Types of surgery for rectal cancer

The type of surgery you have for cancer of the back passage (rectal cancer) depends on the position and the size of your cancer

Most people with rectal cancer have surgery. The 2 main types of surgery for rectal cancer are trans anal endoscopic microsurgery (TEM) and total mesorectal excision (TME).

Surgery to the large bowel (colon) is different to rectal cancer surgery.

Treatment decisions

There are different types of surgery for rectal cancer. The operation that is most suitable for you depends on:

  • whether your cancer is in the low, middle or high part of the rectum
  • how far it has grown or spread (the stage) - for rectal cancers, doctors use the TNM staging system
  • how abnormal the cells look under a microscope (the grade)

The doctors use your MRI scan results to decide which surgery you need to completely remove your cancer with a clear border (margin) of tissue. They consider how likely it is that your cancer will come back after surgery and decide if you need:

  • surgery on its own
  • surgery combined with either radiotherapy or chemoradiotherapy (radiotherapy and chemotherapy together)

After your operation, a specialist doctor (pathologist) looks closely at your cancer. You might need further treatment if the pathologist’s report shows your risk of the cancer coming back is higher than the surgeon previously thought.

Types of surgery

Most people with rectal cancer have surgery. The 2 main types of surgery for rectal cancer are:

  • trans anal endoscopic microsurgery (TEM) - the surgeon removes the cancer along with a border (margin) of healthy tissue
  • total mesorectal excision (TME) - the surgeon removes the part of the rectum that contains cancer, a border (margin) of healthy tissue around it, and the fatty tissue (mesorectum) around the rectum

Surgery to remove a small part of the rectum (trans anal endoscopic microsurgery)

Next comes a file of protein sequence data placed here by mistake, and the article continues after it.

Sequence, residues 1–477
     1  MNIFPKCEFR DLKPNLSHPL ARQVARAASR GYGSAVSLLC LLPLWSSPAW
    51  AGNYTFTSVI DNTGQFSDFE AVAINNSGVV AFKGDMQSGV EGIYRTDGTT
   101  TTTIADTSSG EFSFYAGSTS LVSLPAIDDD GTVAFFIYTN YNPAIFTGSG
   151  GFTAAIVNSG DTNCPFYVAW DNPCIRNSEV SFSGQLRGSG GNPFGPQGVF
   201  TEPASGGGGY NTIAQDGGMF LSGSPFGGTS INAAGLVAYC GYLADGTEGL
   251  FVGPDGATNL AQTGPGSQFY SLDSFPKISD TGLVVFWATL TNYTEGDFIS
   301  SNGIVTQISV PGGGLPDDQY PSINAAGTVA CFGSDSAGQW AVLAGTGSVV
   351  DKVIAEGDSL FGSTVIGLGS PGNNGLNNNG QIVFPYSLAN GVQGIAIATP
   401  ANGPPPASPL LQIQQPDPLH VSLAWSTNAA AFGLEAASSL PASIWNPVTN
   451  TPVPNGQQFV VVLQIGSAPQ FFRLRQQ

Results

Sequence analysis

Trans anal endoscopic microsurgery (TEMs) is for small early stage cancers with a low risk of coming back. Your surgeon will remove the cancer from the back passage, along with a border (margin) of healthy tissue.

The surgeon uses a flexible tube called a colonoscope. The tube has a small light and camera at one end. The surgeon puts the tube into your back passage. They can see pictures of the inside of your bowel on a TV monitor. 

Your surgeon removes the cancer and a border of healthy tissue (margin) around the cancer. They do this by passing cutting instruments down the colonoscope.

Diagram of transanal resection for rectal cancer

Total mesorectal excision

This is the most common type of surgery for rectal cancer. The surgeon removes the part of the rectum that contains cancer, as well as a border (margin) of healthy tissue around it. They also remove the fatty tissue (mesorectum) around the rectum. 

The mesorectum is a sheet of tissue surrounding the intestine, bowel, and rectum. It contains blood vessels and lymph nodes. It is possible that cancer cells might have spread to the mesorectum. 

A specialist doctor (pathologist) tests the cells in the surrounding tissue (margin) to check for cancer cells. If there are no cancer cells, this is called a clear margin.  

This operation lowers the risk of the cancer coming back. There are different types of total mesorectal excision depending on where the cancer is in your rectum, and how big it is. 

Cancer high in the back passage (rectum) 

Your surgeon will remove the cancer in the top part of the rectum. They attach the end of the colon to the remaining part of the rectum. The join is called an anastomosis.

 The surgeon removes the mesorectum to a few cms below the bottom edge of the tumour. Leaving some of the mesorectum in place, reduces the risk of a bowel join leaking after surgery. 

This operation is called an anterior resection. It is unlikely you will need to have a temporary stoma after this operation.

Cancer in the middle of your back passage (rectum)

Your surgeon will remove most of your rectum and attach the bowel (colon) to your anus.

Sometimes your surgeon will create a pouch by folding back a small section of colon or by enlarging a section of the bowel (colon). This small pouch works like the rectum did before surgery.  

This operation is called a colo anal anastomosis. You might need to have a temporary stoma after this operation.